Strange that after so long she was still an object of curiosity. People who saw her every day watched her progress down that corridor as if for the first time. What was it that fascinated them? The sheer size of a woman who stood five feet eleven and weighed over twenty-six stones? Her reputation? Disgust? There were no smiles. Most watched impassively as she passed, fearful perhaps of attracting her attention. She had carved her mother and sister into little pieces and rearranged the bits in a bloody abstract on her kitchen floor. Few who saw her could forget it. In view of the horrific nature of the crime and the fear that her huge brooding figure had instilled in everyone who had sat in the courtroom, she had been sentenced to life with a recommendation that she serve a minimum of twenty-five years. What made her unusual, apart from the crime itself, was that she had pleaded guilty and refused to offer a defence.”

Again, make some notes, and think about what you’ve heard. What kind of a book do you think this is? Can you guess the genre?

This is a grim and realistic passage for me. It’s not a huge surprise that it takes place in a jail. It’s the beginning of a mystery novel, by a British author, one who I find very compelling.

It’s from The Sculptress by Minette Walters.

The third excerpt is different again:

“The beet is the most intense of vegetables. The radish, admittedly, is more feverish, but the fire of the radish is a cold fire, the fire of discontent not of passion. Tomatoes are lusty enough, yet there runs through tomatoes an undercurrent of frivolity. Beets are deadly serious.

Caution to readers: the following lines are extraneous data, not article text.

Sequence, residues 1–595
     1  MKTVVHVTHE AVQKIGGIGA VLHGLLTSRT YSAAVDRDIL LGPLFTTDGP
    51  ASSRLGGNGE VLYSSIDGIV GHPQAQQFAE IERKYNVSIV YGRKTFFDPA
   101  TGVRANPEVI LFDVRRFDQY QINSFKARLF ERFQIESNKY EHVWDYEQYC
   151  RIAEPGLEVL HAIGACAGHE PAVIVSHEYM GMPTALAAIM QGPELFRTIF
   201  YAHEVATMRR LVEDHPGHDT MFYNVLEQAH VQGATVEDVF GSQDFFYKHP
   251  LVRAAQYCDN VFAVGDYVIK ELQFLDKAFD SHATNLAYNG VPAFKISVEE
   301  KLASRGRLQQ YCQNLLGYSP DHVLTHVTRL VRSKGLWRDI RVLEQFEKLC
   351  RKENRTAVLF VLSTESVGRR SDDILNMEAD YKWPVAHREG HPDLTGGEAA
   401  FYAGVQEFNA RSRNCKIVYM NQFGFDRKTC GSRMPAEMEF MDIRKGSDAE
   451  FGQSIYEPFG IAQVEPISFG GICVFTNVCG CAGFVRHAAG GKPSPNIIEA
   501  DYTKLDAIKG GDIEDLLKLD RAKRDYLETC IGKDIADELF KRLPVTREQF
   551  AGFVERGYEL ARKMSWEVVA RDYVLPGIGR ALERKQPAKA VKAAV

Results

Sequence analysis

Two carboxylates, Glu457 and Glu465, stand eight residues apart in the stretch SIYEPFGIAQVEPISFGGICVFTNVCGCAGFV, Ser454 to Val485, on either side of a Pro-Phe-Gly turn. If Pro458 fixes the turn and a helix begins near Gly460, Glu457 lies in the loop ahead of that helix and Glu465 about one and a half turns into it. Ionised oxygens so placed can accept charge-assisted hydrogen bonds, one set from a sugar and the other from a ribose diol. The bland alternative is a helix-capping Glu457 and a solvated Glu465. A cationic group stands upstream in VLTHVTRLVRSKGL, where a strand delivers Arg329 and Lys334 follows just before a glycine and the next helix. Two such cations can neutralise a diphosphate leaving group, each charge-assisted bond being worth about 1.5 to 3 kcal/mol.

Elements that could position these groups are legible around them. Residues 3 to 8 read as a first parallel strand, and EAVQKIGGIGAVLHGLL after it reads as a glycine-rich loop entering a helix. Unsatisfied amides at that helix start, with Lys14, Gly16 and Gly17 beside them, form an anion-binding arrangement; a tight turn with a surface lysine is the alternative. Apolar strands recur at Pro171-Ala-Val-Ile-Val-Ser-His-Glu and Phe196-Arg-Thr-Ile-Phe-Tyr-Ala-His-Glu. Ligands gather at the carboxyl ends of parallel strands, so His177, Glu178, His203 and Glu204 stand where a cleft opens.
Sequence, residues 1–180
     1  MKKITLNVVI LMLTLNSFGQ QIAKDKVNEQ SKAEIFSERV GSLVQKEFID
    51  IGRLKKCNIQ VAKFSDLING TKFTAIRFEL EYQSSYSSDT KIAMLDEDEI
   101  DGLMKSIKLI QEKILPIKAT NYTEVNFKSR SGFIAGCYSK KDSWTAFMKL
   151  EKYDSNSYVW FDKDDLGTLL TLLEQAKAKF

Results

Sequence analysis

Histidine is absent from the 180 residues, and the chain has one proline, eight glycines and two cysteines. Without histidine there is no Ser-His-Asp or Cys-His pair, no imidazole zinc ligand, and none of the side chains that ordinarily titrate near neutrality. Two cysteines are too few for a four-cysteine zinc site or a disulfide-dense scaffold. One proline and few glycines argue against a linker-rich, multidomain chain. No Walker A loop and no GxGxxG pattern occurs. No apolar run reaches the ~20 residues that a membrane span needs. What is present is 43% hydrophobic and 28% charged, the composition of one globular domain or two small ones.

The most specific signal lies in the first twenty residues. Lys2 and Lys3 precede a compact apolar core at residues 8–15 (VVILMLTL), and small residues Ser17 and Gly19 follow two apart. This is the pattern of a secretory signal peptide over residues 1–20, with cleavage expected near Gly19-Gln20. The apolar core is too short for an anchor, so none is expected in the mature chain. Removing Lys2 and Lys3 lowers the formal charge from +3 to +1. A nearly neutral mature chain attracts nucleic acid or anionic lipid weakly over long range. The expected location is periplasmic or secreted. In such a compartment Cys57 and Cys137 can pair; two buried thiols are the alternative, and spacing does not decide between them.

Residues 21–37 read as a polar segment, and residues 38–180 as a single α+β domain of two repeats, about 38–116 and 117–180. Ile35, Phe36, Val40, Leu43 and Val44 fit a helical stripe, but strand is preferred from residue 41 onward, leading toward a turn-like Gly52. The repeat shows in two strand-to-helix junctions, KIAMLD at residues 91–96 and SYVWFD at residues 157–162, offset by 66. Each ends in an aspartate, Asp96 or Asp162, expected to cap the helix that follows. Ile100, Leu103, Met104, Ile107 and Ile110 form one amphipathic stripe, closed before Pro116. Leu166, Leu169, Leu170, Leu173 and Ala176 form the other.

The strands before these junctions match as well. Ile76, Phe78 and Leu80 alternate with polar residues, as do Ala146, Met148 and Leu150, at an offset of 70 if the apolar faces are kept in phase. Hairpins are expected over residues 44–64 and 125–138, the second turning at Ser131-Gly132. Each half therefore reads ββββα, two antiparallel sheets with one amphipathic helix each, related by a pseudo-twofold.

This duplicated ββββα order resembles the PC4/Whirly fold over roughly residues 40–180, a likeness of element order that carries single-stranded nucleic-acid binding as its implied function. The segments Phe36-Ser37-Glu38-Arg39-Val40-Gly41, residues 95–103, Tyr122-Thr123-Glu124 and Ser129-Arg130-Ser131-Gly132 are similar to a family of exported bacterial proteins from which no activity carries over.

Slavic peoples get their physical characteristics from potatoes, their smoldering inquietude from radishes, their seriousness from beets.

The beet is the melancholy vegetable, the one most willing to suffer. You can’t squeeze blood out of a turnip…
The beet is the murderer returned to the scene of the crime. The beet is what happens when the cherry finishes with the carrot. The beet is the ancient ancestor of the autumn moon, bearded, buried, all but fossilized; the dark green sails of the grounded moon-boat stitched with veins of primordial plasma; the kite string that once connected the moon to the Earth now a muddy whisker drilling desperately for rubies.

The beet was Rasputin’s favorite vegetable. You could see it in his eyes.”

Make some notes and reactions before you read on.

I love the distinctive metaphors this author uses and the mix of unexpected humour. The prose is more dense, but the books always make me smile, probably because the writing is clever and irreverent.

That excerpt was from Jitterbug Perfume, by Tom Robbins.